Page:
And the woman said unto the serpent, We may eat of the fruit of the trees of the garden
This is the answer to the question of the woman who had placed the snake, “but is it really true that God commanded not to eat anything?” The snake had crept into the first woman the image of a God unjust and insensitive to the appetites of man. The woman, in the first part of his answer, refers to the serpent the truth.
She is still the true companion of man, because it is in tune with him because she exactly relates what God had told him. But how can women know what God said to the man if, when God spoke to the man, she was not even created? Evidently, the man must have told something, he must have communicated what God said to him alone. However, the text does not say anything about the background – the “narrative background” – of this text, what you should know before you read it. And still I see no other possibility, if not this.
The problem is that the woman is not talking with God, but with the snake. And the snake must have had a good reason to talk to her and not to the man. I have dealt at length with this issue in my book La Bibbia riscritta e commentata (Arachne Editrice). In the History of Religions, the woman often appears as an ally of the snake. Indeed, often the woman is portrayed as the “lover” of snake that tries to get from her a generation. Is it also present here this mythological background? Did the snake speak with the woman because it wanted to have a line of men rebel against God? Also in this case the text says nothing, at least directly.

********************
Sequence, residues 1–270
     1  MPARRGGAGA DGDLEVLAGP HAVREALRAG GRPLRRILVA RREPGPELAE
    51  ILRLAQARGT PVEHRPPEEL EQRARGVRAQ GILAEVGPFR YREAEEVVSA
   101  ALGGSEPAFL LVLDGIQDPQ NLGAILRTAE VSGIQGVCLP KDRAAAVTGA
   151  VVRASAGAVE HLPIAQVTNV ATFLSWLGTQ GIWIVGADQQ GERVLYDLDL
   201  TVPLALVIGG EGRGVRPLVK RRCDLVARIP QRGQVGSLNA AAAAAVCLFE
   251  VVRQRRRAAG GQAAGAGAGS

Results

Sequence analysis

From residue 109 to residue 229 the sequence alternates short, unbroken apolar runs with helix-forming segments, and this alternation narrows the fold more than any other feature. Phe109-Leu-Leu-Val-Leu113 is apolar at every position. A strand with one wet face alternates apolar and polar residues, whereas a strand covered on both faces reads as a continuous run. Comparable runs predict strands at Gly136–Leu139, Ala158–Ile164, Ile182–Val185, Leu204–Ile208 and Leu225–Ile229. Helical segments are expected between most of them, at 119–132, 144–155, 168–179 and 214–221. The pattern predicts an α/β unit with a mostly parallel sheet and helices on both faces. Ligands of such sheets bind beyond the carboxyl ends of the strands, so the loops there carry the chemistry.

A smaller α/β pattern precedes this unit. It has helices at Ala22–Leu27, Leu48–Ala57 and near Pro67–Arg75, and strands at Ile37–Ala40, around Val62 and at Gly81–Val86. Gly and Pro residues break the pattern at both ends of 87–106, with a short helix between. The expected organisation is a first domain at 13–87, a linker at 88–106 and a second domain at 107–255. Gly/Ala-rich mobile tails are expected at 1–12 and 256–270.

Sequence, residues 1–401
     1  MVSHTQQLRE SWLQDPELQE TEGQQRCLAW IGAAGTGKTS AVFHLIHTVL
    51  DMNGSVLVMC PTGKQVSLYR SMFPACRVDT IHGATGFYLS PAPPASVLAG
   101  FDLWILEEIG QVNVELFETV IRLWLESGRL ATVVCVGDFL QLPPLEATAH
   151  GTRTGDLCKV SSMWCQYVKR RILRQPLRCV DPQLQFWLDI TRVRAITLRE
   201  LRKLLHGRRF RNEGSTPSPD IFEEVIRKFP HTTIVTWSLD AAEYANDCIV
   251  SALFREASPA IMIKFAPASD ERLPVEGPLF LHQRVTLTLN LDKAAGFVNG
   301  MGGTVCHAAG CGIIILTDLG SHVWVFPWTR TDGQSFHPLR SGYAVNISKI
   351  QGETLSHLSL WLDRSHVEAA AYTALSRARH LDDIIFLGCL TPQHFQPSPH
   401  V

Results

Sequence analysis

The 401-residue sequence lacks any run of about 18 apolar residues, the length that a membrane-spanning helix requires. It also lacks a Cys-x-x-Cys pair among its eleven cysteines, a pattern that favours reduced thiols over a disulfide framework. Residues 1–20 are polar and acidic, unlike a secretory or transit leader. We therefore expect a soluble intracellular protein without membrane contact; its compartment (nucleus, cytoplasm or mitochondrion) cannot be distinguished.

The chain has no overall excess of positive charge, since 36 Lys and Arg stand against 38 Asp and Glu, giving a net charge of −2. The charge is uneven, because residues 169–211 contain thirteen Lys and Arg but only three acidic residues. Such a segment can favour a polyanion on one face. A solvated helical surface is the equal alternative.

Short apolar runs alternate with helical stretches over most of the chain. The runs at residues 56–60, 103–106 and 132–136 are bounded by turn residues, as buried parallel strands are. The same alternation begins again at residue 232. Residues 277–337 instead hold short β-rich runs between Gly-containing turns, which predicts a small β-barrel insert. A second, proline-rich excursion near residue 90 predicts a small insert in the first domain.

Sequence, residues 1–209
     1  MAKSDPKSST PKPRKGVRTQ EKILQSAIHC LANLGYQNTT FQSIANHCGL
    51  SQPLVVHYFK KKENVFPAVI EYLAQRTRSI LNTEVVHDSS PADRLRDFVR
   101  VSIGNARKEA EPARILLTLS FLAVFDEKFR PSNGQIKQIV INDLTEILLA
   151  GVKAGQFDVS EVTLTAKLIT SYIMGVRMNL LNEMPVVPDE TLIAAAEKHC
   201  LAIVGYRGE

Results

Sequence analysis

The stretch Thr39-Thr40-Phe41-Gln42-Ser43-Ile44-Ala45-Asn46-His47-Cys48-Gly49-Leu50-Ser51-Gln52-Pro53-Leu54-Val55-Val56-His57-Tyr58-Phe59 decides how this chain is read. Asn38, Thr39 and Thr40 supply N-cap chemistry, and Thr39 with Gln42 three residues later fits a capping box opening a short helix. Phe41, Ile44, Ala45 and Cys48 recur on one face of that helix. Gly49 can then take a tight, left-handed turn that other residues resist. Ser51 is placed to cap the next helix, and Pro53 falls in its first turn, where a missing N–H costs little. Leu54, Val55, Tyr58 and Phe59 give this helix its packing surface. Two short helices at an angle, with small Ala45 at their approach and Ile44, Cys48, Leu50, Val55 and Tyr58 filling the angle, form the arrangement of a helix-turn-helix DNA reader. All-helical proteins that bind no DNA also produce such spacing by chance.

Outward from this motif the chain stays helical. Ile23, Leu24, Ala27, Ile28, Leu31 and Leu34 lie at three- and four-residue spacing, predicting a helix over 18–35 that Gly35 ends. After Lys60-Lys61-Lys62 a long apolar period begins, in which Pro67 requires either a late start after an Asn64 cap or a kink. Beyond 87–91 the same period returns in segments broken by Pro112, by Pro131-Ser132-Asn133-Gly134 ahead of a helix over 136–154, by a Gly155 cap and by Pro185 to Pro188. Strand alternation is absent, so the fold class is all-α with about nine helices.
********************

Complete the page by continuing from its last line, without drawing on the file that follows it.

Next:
It is sure that the woman does not know the cunning of the serpent that had turned in the tone of one who has been falsifying the testimony of someone else – in this case God – pointing itself as the true ally. (To be continued)